Bloomberg released an interesting video on Monday, Oct. 18. Margaret Brennan, of Bloomberg, interviewed Reed Philips, co-founder of the media investment bank DeSilva & Phillips LLC, about how the magazine industry has been changing.
The magazine industry “has been in an epic downturn for the past 18 months,” said Phillips, but “magazines are not dead.” As has been the common trend in the industry, magazines are searching for new mediums in which to stay afloat.
“Magazines are embracing technology,” said Phillips. Popular new technologies like the Apple iPad and Amazon’s Kindle are changing the way consumers get their news.
The magazine industry has found that “readers will pay more for iPad content than for print,” said Phillips. Readers seem to prefer reading articles over an iPad or Kindle than in person off a newsstand because they offer things that print media cannot.
Apple released the iPad in April 2010 and it is marketed specifically for audio and visual media. The Kindle was released by Amazon in November 2007 and it is a wireless reading device. The magazine industry has found that it is in its best interest to harness these technologies.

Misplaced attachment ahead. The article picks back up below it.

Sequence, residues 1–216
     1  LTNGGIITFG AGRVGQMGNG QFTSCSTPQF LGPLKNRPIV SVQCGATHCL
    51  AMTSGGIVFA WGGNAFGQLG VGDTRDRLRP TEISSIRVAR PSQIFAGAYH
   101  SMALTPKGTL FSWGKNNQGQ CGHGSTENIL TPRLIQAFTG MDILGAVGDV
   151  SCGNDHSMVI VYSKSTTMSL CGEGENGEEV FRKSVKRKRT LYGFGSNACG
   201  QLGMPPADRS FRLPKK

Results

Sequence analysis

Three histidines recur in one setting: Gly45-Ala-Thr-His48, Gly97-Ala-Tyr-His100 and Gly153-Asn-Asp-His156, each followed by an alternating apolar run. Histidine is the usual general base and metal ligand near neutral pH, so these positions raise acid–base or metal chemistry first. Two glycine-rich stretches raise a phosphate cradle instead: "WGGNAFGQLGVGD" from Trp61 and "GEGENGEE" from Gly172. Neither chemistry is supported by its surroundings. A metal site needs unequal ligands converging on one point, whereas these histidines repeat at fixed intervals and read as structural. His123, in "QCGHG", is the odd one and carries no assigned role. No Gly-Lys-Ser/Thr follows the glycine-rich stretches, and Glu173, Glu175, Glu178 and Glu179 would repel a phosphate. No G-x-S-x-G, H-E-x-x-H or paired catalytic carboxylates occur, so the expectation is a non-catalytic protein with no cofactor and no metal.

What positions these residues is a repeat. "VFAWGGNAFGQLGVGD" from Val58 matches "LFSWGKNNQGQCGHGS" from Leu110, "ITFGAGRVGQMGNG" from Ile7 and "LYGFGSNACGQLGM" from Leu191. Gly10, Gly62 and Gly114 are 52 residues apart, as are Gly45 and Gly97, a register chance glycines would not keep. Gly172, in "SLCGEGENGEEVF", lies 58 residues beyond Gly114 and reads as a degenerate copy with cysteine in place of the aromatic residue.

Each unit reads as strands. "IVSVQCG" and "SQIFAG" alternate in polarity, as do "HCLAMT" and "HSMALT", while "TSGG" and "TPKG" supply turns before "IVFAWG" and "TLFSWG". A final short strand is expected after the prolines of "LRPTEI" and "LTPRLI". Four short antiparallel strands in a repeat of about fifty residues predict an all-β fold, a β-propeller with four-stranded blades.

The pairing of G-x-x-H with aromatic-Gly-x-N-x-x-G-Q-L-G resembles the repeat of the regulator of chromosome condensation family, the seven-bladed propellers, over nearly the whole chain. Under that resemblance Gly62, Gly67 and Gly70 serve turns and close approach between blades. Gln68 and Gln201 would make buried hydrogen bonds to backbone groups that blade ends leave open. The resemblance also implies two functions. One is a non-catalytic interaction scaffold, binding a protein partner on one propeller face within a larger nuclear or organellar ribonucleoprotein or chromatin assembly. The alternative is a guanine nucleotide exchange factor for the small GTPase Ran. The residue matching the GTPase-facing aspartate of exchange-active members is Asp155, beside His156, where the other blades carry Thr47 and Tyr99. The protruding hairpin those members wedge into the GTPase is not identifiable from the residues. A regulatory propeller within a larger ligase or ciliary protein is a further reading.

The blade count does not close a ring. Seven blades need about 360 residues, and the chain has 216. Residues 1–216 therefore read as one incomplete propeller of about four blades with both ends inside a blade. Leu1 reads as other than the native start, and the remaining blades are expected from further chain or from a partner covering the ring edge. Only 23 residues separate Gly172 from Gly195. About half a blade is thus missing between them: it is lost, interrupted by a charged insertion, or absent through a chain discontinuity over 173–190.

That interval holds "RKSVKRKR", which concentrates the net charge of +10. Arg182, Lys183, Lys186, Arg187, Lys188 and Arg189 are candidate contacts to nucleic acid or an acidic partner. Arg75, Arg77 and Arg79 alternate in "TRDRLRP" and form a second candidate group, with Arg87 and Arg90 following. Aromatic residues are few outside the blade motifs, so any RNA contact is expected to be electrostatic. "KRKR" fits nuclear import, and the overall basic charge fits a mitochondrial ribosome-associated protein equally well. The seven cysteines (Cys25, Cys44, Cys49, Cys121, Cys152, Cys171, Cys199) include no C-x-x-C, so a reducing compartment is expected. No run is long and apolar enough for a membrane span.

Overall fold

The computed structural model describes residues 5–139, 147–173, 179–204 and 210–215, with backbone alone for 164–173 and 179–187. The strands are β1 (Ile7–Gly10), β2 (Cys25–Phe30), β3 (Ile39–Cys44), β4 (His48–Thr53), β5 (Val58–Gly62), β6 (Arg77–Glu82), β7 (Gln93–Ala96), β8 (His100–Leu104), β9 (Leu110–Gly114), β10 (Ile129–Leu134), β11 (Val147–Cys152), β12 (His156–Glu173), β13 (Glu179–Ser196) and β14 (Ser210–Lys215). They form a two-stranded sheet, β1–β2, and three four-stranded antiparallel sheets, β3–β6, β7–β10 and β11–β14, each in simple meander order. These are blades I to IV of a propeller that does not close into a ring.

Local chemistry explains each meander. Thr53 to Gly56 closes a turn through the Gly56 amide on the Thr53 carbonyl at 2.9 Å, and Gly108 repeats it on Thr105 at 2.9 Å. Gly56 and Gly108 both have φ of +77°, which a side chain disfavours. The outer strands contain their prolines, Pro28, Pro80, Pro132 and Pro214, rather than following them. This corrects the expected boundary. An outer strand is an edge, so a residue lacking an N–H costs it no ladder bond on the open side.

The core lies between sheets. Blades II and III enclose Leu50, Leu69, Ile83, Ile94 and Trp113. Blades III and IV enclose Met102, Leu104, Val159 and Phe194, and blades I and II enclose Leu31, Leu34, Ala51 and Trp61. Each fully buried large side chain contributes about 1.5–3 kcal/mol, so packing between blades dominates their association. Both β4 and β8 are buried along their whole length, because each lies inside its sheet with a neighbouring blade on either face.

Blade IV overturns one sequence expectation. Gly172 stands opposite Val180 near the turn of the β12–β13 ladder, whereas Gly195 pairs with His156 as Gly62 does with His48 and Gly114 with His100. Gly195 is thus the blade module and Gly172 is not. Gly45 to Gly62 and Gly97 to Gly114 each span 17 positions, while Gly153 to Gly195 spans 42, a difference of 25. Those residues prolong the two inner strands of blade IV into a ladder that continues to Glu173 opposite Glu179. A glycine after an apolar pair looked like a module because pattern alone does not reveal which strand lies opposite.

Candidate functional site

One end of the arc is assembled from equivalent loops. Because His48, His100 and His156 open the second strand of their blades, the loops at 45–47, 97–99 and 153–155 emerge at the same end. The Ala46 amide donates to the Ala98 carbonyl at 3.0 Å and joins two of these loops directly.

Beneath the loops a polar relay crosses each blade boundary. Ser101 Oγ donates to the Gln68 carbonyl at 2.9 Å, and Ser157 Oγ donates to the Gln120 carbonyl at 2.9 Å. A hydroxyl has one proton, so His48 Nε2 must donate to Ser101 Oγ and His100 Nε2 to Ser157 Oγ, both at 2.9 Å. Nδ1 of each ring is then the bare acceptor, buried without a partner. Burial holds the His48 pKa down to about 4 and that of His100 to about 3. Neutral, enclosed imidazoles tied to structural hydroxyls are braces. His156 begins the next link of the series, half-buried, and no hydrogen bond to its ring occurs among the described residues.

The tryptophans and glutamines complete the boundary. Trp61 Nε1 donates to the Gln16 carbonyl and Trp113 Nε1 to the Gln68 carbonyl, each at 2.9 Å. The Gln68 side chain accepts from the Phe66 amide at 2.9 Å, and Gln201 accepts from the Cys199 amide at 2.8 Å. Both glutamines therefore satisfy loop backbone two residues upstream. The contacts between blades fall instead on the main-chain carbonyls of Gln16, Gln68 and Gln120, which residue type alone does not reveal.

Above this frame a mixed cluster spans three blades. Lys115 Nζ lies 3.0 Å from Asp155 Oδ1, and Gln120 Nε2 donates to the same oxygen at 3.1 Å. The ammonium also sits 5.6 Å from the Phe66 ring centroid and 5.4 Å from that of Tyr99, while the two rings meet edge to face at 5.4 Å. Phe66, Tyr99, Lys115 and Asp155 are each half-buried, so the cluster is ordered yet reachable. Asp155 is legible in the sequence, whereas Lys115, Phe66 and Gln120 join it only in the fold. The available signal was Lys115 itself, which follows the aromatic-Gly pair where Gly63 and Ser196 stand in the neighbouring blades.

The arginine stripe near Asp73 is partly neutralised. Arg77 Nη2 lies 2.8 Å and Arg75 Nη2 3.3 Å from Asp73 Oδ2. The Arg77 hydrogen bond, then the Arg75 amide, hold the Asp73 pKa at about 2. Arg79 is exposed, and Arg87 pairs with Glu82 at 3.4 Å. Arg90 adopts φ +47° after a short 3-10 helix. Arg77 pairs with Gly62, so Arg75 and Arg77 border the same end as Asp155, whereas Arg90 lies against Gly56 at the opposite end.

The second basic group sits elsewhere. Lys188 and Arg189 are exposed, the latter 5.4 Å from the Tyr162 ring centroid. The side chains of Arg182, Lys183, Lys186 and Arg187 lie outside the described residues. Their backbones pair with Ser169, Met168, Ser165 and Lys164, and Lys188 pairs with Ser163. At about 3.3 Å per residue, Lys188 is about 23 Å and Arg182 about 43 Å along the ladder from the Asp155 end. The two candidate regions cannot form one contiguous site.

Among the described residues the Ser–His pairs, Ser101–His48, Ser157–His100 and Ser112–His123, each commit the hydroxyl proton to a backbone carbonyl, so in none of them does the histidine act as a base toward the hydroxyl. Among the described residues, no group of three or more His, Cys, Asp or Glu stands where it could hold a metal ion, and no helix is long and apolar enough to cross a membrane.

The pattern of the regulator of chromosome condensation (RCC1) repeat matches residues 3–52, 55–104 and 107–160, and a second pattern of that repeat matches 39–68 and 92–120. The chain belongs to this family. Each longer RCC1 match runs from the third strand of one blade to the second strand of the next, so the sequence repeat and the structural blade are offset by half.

“The magazine industry has developed a coalition of the top publishers,” emphasized Phillips. These are the companies that are growing and changing to adapt to the new media world.
This is not to say that through this embracing of technology, the magazine industry is not struggling. Revenue has been down as much as 30 percent, said Phillips, and there has been a decline in the value of media properties. TV Guide, BusinessWeek and Newsweek, once worth over $2 billion, have all sold for a combined $10 million in the past two years.
Yet this decline was “an industry wake-up call,” said Phillips. There have been changes in leadership along with adapting to new technology to survive this struggling industry. It is becoming obvious that technology is the root to the survival of the magazine industry.